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Thread: Nevada Highway Patrol Transitions to SIG P320

  1. #11
    10.3" Master Race TGS's Avatar
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    Quote Originally Posted by JonInWA View Post
    I'm also a bit surprised, but on some reflection, the combination of the influential M17/M18 contracts wins and the Lego-like combinations of grip modules, slides/barrels and chamberings has been compelling. Out of the three, my thought is that having relatively inexpensive grip modules that really do affect the index has probably been the most significant.
    Jon,

    My observation has been that many of the departments running metal framed SIGs are simply switching over to the striker option from the same manufacturer. Most of the departments running other guns are still running them.

    What departments do we know of are actually selecting the P320 because of the unique features of the P320 that are not present in other striker fired polymer options?

    What's the percentage of departments switching over to the P320 who did not previously carry SIG metal framed DA guns?

    My suspicion is that PDs are saying, "It's time for metal framed DA guns to go away", and so they're swapping to the P320 out of convenience......not really due to the MHS program, any unique attributes that the P320 offers over Glocks, M&Ps, or whatever. Maybe I'm too cynical, but I highly doubt that most PDs adopting them are doing so because of the relatively inexpensive grip modules affecting index. They want a cheap striker fired plastic gun, and it's an easy solution from a supplier and support network they're already working in. It could be a rebadged SD9, and most of them would probably still buy it.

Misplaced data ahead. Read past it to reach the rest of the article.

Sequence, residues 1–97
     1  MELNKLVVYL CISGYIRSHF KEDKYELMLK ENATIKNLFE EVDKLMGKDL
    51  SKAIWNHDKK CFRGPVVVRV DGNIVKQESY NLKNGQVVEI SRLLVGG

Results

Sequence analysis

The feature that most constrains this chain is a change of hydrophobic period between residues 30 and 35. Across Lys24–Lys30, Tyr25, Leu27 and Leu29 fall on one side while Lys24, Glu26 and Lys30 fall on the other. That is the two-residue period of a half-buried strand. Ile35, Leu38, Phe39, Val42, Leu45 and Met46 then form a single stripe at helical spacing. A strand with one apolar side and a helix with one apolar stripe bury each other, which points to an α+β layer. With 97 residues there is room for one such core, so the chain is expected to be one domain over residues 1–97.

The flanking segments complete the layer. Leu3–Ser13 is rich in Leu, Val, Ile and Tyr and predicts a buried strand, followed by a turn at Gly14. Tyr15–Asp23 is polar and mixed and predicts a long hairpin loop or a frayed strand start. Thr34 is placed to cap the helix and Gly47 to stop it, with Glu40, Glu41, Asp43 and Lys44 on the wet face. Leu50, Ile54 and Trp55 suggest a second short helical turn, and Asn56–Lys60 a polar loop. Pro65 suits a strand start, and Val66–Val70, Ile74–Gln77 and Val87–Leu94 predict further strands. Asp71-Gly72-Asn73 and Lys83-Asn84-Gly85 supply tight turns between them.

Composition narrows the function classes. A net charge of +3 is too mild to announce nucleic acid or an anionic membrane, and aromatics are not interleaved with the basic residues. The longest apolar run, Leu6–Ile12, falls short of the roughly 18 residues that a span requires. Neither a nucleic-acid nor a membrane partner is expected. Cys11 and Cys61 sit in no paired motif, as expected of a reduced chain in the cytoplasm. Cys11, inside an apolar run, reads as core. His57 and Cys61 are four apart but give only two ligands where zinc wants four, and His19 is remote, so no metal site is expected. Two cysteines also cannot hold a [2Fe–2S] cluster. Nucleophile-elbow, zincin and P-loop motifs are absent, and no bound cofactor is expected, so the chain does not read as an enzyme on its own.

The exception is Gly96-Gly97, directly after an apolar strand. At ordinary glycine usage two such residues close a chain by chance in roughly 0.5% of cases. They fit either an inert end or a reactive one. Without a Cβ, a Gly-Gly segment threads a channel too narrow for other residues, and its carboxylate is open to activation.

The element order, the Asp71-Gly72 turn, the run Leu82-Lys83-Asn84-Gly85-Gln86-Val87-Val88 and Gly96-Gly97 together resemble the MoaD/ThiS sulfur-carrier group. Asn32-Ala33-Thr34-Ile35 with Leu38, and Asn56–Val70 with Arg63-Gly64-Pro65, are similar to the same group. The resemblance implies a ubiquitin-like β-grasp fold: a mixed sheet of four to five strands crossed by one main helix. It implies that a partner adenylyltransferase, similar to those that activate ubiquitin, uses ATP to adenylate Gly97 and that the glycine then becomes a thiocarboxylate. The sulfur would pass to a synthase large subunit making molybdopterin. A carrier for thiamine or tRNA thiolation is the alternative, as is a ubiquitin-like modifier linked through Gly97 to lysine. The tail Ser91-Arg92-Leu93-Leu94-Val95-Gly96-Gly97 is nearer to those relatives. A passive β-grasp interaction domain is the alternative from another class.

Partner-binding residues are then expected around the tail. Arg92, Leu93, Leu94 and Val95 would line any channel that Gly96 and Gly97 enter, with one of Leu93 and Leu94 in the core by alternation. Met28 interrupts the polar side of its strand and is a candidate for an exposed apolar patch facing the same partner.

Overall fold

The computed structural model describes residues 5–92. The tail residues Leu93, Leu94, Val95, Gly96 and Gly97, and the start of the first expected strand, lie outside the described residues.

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  2. #12
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    Quote Originally Posted by TGS View Post
    Jon,

    My observation has been that many of the departments running metal framed SIGs are simply switching over to the striker option from the same manufacturer. Most of the departments running other guns are still running them.

    What departments do we know of are actually selecting the P320 because of the unique features of the P320 that are not present in other striker fired polymer options?

    What's the percentage of departments switching over to the P320 who did not previously carry SIG metal framed DA guns?

    My suspicion is that PDs are saying, "It's time for metal framed DA guns to go away", and so they're swapping to the P320 out of convenience......not really due to the MHS program, any unique attributes that the P320 offers over Glocks, M&Ps, or whatever. Maybe I'm too cynical, but I highly doubt that most PDs adopting them are doing so because of the relatively inexpensive grip modules affecting index. They want a cheap striker fired plastic gun, and it's an easy solution from a supplier and support network they're already working in. It could be a rebadged SD9, and most of them would probably still buy it.
    I will say that modularity/adaptability to different hand sizes is a major selling point for us. It's a requirement for us for our next pistol. I had suggested an approved roster of firearms, but was overruled. An adaptable, modular grip at least gets beyond the "one size fits all' crap.

  3. #13
    10.3" Master Race TGS's Avatar
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    Quote Originally Posted by AMC View Post
    I will say that modularity/adaptability to different hand sizes is a major selling point for us.
    Something that is offered by literally every single polymer service handgun these days. Glock, M&P, Walther, HK P30/VP9, FN, etc.
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  4. #14
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    Quote Originally Posted by TGS View Post
    Something that is offered by literally every single polymer service handgun these days. Glock, M&P, Walther, HK P30/VP9, FN, etc.
    Oh I agree. Some do it better than others, but virtually every manufacturer has some degree of modularity built in at this point.

    Some of the points John raised are very important here.....specifically the "pulling the trigger to field strip" issue. And as much as I like the Gen 5 Glocks...its a legitimate criticism.

  5. #15